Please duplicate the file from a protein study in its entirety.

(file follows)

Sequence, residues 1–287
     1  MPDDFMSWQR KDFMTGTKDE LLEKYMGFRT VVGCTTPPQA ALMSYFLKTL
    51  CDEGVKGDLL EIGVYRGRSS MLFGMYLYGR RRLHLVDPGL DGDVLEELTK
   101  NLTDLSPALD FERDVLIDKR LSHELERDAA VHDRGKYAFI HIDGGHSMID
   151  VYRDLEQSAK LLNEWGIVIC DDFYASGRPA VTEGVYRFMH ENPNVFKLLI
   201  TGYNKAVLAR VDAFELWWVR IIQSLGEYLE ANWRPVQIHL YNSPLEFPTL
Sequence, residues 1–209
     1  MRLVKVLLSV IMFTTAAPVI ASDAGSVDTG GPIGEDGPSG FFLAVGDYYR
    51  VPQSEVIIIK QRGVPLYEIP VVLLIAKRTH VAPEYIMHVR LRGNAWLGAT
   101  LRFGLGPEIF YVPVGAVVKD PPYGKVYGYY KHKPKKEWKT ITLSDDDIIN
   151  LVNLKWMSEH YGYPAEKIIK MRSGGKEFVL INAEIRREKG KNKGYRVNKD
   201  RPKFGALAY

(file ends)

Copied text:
Sequence, residues 1–287
     1  MPDDFMSWQR KDFMTGTKDE LLEKYMGFRT VVGCTTPPQA ALMSYFLKTL
    51  CDEGVKGDLL EIGVYRGRSS MLFGMYLYGR RRLHLVDPGL DGDVLEELTK
   101  NLTDLSPALD FERDVLIDKR LSHELERDAA VHDRGKYAFI HIDGGHSMID
   151  VYRDLEQSAK LLNEWGIVIC DDFYASGRPA VTEGVYRFMH ENPNVFKLLI
   201  TGYNKAVLAR VDAFELWWVR IIQSLGEYLE ANWRPVQIHL YNSPLEFPTL
Sequence, residues 1–209
     1  MRLVKVLLSV IMFTTAAPVI ASDAGSVDTG GPIGEDGPSG FFLAVGDYYR
    51  VPQSEVIIIK QRGVPLYEIP VVLLIAKRTH VAPEYIMHVR LRGNAWLGAT
   101  LRFGLGPEIF YVPVGAVVKD PPYGKVYGYY KHKPKKEWKT ITLSDDDIIN
   151  LVNLKWMSEH YGYPAEKIIK MRSGGKEFVL INAEIRREKG KNKGYRVNKD
   201  RPKFGALAY